by Jeffrey D. Byrne
President + CEO
As Congress passed legislation in the early hours of the New Year, much changes for tax and fiscal issues for 2013. The two things we know about life is: sooner or later we all pay taxes and we can’t take our money with us when we die. So, let me tackle what I know about the fiscal and tax changes that were enacted earlier this month.
Two-Year Retroactive IRA Charitable Rollover Extension: H.R. 8 includes a two-year retroactive extension of the IRA Charitable Rollover provision that lapsed on December 31, 2011. Specifically, the new law retroactively reinstates the Rollover for 2012 and allows any otherwise eligible gifts made after December 31, 2012 and before February 1, 2013 to be treated as a 2012 donation. The new law also specifies that any portion of a distribution from an IRA to a taxpayer made after November 30, 2012 and before January 1, 2013 may be treated as a qualified charitable distribution for purposes of the IRA Charitable Rollover. Finally, the IRA Charitable Rollover has been reinstated for all of 2013 and will now expire at the end of this year, on December 31, 2013. (The Chronicle of Philanthropy, 7 Jan. 2013)
Core of the Fiscal Cliff Legislation & Tax Changes: According to an article I read in a U. S. Trust Investment Strategy Strategic Insights Advisory recently: The core of the 2012 tax Act once again extends “most” of the so-called Bush tax cuts, but not all. The 2012 Tax Act will permanently extend taxable income tax rates for all single taxpayers with taxable incomes below $400,000 and married couples with incomes below $450,000. The top marginal income tax rate increases to 39.6% from 35% and the top marginal dividend and capital gain tax rates rise to 20% from 15% on investments held for more than one year. Adding in the 3.8% health care tax results in an even higher effective tax rate. Additionally, various tax deduction and credits phase out for individuals earning more than $250,000 and couples making more than $300,000. The agreement also extends unemployment benefits for one year, delays automatic spending cuts for two months, raises the estate tax rate to 40% from 35% with a $5 million exemption, indexes the Alternative Minimum Tax (AMT), extends accelerated depreciation allowances for businesses for another year, renews the research and development (R&D) tax credit and extends the “Doc Fix” (cuts in Medicare payments to doctors).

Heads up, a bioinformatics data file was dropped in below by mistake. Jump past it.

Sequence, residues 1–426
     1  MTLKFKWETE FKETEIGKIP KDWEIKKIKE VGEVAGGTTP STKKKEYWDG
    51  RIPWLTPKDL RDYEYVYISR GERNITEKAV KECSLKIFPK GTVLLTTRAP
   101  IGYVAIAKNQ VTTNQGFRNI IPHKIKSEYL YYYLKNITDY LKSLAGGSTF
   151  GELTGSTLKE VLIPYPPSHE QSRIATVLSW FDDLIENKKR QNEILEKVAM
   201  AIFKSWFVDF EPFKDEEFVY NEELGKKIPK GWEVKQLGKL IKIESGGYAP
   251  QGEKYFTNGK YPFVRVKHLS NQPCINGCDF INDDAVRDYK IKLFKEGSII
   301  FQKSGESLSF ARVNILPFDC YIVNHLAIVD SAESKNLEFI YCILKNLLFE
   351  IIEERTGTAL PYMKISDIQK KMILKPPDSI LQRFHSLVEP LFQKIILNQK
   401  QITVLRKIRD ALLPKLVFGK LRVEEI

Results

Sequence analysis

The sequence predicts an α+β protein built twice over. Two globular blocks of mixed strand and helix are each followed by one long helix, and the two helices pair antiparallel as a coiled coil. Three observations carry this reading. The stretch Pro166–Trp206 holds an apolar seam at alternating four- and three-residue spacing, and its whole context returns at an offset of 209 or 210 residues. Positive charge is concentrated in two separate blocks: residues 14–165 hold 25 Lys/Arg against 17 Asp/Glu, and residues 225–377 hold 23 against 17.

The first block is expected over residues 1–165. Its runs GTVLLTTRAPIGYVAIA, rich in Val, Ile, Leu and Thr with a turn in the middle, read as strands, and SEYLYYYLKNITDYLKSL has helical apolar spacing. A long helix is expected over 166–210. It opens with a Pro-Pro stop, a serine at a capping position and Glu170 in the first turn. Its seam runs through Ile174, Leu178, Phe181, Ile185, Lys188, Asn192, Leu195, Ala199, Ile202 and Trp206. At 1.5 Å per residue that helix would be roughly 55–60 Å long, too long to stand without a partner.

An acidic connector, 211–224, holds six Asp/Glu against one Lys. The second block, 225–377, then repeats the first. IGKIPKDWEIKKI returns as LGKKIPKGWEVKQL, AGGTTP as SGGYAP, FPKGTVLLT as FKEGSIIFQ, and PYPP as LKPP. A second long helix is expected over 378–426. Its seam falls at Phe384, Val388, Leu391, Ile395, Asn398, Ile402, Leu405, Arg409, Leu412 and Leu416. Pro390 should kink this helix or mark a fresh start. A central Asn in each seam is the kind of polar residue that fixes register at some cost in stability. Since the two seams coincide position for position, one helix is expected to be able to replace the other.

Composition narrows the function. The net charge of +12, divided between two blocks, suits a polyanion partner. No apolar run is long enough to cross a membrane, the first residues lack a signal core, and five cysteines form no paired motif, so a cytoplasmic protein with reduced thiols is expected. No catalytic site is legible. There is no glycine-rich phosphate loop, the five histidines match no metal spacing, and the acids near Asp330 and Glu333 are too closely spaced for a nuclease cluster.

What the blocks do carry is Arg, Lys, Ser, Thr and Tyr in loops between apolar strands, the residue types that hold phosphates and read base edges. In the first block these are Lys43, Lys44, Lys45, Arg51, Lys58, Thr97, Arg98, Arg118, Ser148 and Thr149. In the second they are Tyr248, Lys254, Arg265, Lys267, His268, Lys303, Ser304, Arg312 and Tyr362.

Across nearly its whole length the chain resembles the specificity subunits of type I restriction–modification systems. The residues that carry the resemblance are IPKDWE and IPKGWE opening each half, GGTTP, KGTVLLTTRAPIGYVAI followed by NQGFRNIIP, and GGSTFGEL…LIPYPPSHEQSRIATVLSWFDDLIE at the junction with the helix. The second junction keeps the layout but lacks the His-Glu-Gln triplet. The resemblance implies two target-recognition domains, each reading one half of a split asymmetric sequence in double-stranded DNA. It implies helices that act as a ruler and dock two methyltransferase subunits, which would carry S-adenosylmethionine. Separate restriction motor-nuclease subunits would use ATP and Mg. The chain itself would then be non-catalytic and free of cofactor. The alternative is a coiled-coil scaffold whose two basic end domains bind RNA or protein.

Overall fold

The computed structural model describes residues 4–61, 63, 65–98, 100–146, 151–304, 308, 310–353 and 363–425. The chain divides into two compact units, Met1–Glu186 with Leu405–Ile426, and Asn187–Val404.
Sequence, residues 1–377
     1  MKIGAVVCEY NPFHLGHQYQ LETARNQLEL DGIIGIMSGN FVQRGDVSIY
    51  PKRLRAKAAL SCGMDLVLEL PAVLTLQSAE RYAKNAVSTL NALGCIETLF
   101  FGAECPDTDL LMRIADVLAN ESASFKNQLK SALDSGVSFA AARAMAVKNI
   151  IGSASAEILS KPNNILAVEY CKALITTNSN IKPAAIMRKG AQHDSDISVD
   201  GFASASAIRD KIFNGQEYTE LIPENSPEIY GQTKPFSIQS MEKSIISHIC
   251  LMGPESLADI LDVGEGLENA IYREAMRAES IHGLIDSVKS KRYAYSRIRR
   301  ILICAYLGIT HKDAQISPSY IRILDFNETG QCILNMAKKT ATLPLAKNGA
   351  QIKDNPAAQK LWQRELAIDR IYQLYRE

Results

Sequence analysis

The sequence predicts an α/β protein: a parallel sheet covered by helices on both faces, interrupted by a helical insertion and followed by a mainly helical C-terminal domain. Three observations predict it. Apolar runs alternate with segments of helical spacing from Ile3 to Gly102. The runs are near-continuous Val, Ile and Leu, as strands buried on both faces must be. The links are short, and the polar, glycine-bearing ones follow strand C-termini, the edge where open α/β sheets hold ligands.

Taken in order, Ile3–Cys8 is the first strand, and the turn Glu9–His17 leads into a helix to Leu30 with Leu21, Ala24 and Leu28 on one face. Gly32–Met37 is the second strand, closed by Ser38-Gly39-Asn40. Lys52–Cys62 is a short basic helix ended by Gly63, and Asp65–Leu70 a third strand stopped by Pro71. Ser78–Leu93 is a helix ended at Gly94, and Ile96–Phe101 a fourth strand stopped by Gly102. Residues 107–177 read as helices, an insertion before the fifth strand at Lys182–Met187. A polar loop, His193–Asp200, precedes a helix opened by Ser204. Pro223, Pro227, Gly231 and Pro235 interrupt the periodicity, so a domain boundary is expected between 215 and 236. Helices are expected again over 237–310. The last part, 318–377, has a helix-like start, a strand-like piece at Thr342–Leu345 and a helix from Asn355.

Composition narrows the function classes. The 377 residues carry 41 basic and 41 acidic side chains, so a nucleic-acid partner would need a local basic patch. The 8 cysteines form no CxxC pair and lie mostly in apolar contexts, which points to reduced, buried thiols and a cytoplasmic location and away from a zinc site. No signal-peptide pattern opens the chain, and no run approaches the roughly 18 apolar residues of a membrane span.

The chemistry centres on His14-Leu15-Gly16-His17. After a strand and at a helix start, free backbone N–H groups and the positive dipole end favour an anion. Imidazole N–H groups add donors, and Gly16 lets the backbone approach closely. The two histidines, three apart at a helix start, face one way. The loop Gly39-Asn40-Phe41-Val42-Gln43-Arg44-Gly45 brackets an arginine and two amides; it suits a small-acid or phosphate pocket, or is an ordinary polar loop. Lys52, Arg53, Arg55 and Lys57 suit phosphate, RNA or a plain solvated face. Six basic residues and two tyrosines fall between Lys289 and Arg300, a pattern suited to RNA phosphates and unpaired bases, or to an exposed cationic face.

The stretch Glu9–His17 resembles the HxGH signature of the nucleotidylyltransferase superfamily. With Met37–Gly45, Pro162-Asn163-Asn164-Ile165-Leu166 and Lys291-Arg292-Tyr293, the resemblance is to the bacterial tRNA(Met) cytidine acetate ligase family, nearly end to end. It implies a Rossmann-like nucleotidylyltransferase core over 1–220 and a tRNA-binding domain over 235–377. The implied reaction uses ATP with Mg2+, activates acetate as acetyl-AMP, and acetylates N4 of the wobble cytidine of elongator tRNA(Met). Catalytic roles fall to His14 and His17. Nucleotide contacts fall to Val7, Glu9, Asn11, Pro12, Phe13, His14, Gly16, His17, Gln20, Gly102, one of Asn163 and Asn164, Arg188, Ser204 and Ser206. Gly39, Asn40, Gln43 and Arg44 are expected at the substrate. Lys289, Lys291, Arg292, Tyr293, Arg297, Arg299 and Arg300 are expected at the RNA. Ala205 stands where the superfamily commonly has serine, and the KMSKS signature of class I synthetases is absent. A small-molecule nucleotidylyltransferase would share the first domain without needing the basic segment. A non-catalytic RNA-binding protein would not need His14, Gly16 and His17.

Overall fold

Finally, the Estate Tax Exemption beginning January 1, 2013 is $5,250,000. This exemption is permanent. It is subject to an inflation adjustment annually.
The bottom line is it’s all generally good news for your organization and the donors who care for it. While there are still discussion of further limits on charitable deductions, we will keep you informed of major changes in legislation that impact your donors. In the meantime, I recommend letting your donors know about the opportunities presented to them by the changes in the IRA Charitable Rollover. They may find that NOW is the time to make a gift to your organization.